The Millennials, or 18-to-30-year-olds, are taking up ever more important roles in the workplace — but for many businesses they remain a mystery.
Demonstrating just how important they are, last week business leaders filled London’s Royal Opera House for a conference on millennials co-hosted by the Financial Times and Spanish telecoms group Telefonica.
A survey of 12,000 young people from 27 countries was presented to guests and to exemplify traits common among millennials — including how many have tablet computers (22 per cent in western Europe) and that 51 per cent of millennials are less religious than their parents.
According to the survey, there are four defining characteristics that make a millennial. Firstly, they are “digital natives” — 83 per cent of those surveyed agreed that “technology has made it easier to get a job”.
Dani Fenton, a 23-year-old marketing and PR account executive at Entice Communications, which specialises in health, fitness and beauty, confirmed the truth of the statement.
“We’re much faster with computers, if we want to search for something on the internet, for example, our search will be far more targeted,” she said.
This is particularly useful in social media. “Just the fact that we know what young people look for on the internet, what gets them ‘liking’, that helps us take the right tone in marketing products to them,” she added.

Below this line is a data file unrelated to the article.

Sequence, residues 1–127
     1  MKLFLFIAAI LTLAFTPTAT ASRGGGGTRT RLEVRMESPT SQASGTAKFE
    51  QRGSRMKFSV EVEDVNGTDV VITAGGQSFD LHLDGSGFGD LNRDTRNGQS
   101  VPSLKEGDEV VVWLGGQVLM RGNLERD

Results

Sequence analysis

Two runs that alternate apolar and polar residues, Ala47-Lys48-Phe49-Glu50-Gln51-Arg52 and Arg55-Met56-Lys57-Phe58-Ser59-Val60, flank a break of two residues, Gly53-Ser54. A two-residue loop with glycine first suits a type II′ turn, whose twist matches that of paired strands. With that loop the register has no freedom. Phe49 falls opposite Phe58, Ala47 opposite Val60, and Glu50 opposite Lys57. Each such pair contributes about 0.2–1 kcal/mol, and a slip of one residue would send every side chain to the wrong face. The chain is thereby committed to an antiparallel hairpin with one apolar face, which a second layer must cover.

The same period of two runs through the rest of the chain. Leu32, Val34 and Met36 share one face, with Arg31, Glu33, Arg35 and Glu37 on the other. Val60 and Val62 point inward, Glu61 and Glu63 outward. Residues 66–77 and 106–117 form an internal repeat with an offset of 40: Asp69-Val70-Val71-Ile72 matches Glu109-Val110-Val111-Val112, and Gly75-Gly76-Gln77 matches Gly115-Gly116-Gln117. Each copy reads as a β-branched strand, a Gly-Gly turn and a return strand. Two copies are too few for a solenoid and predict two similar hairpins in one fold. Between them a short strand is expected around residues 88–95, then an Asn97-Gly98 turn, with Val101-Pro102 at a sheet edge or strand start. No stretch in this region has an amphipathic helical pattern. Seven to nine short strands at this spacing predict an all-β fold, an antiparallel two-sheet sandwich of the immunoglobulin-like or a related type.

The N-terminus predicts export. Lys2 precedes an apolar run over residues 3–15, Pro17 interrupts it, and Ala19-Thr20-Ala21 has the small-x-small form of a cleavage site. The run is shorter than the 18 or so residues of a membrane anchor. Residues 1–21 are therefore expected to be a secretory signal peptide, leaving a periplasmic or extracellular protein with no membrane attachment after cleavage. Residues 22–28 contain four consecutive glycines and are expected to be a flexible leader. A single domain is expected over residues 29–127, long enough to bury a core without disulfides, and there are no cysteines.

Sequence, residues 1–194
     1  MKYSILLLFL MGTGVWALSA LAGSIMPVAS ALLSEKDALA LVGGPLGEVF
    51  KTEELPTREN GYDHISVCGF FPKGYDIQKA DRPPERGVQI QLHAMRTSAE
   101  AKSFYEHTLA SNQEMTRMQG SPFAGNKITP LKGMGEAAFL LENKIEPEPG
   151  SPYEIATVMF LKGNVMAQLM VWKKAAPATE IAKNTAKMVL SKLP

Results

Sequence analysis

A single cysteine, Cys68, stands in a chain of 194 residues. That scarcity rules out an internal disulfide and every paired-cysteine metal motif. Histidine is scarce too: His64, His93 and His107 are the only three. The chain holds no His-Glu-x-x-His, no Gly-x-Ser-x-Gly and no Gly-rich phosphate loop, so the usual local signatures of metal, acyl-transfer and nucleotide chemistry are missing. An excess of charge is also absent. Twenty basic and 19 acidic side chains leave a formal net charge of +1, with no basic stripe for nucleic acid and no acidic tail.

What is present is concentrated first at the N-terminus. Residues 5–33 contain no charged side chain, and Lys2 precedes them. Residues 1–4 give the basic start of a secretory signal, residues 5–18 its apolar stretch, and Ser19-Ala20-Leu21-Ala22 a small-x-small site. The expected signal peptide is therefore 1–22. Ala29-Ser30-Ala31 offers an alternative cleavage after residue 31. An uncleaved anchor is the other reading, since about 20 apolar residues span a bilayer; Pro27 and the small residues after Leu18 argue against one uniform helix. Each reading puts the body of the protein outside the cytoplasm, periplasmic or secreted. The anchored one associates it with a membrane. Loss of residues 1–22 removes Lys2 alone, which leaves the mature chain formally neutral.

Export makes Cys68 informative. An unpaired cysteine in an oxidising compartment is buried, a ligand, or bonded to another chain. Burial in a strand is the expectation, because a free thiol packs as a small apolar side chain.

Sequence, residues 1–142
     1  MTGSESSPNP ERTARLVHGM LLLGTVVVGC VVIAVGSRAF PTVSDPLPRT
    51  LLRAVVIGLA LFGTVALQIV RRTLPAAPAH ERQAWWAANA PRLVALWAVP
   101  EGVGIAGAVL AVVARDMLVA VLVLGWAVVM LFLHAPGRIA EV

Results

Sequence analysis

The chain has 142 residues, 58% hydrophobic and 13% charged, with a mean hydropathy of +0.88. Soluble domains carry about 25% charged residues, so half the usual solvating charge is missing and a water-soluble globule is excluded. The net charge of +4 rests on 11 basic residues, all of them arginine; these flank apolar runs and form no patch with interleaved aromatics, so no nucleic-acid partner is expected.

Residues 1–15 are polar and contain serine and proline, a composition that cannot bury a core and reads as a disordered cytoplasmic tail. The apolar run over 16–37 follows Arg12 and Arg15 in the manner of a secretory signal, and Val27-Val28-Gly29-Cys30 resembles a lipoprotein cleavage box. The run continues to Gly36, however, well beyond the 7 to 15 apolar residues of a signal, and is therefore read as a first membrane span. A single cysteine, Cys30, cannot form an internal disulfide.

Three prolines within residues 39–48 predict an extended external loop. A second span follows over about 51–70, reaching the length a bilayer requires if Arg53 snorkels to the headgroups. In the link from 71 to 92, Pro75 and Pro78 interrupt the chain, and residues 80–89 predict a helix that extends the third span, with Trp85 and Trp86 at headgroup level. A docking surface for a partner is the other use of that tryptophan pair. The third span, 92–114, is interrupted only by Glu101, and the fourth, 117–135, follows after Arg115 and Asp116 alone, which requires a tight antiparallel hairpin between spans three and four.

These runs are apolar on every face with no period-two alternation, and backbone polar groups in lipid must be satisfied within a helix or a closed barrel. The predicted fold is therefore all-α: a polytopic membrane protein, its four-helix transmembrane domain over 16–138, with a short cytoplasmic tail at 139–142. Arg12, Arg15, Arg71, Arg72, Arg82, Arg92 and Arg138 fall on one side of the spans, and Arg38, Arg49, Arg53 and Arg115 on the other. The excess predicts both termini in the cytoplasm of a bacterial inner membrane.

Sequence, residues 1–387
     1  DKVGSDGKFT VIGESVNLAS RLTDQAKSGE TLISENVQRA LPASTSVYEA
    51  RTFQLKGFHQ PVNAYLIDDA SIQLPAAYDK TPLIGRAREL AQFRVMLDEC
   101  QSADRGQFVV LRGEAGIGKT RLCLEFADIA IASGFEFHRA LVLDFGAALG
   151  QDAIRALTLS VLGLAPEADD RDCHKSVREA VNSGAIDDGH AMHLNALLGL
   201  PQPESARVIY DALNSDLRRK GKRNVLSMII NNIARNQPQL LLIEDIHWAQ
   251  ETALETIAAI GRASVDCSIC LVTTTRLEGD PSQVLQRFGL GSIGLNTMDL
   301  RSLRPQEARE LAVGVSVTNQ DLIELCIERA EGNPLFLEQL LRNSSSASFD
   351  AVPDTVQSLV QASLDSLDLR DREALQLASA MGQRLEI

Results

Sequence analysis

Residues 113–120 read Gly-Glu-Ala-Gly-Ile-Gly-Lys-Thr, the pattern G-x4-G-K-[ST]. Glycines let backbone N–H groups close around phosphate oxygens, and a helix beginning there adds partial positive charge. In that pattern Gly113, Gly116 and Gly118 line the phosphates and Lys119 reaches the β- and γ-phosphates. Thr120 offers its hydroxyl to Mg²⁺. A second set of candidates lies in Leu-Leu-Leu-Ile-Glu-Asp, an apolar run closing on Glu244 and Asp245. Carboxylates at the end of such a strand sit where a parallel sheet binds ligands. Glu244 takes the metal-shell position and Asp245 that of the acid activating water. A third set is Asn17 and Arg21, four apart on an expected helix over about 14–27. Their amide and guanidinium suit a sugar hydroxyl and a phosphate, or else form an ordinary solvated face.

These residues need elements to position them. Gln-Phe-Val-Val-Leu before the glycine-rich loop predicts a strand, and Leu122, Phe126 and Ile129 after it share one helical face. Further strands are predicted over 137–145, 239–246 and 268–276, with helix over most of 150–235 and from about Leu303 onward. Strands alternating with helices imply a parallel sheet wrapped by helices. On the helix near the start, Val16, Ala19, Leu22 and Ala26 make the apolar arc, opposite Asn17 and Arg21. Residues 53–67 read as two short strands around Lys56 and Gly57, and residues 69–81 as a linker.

Felix Mitchell, 24, is the co-founder of Instant Impact, a company that finds paid interns for small and medium sized enterprises, agreed.
“A lot of clients come to us looking to build their social media presence and they often don’t know where to start. It’s helpful that we instinctively know that [social media site] Pinterest isn’t going to be useful to them.”
That ease with technology also allows millennials to be more flexible than any other generation.
Mr Mitchell is moving soon to run the company’s United States branch, which he launched from the UK. He said: “Skype and constant communication over the internet has made that much less daunting.”
The survey also showed that 68 per cent of millennials believe they have more opportunities to become entrepreneurs.
As Mr Mitchell explained: “The fact that me and a friend straight out of university were able to set up a company is definitely a feature of our generation.
“The cost of setting up a company is very low, all you need is a digital presence, a product and the time commitment.”
He added: “Of course that is true for older people, but our natural familiarity with things like setting up websites, and our ability to come to terms with new technology, makes it easy for us.”
The survey highlighted the spread of smartphones as 76 per cent of millennials own one.
Matthew Phillips, 27, works in the corporate arm of global concierge service, Quintissentially.
“My dad would get a fax from the office to the hotel if it was urgent. Now you have a BlackBerry, you go to sleep with it, you wake up with it. Even on days off you’re still getting emails and phone calls,” he said.
To find interns, he and his staff use their personal networks on Facebook, Twitter and LinkedIn.
He said: “Because of the platforms we use, there is that blending. It works for us very well.”
The survey also revealed that millennials are environmentally conscious as over 50 per cent believe that climate change is a pressing issue and they can positively impact their community.
Mr Phillips is a longstanding member of the Young Norwood Media Committee.
He said that while charity work has always been important to young people — Facebook makes it easier.
“You only have to look at your newsfeed to see that 400 people are going to this event and they’re talking about it,” he added.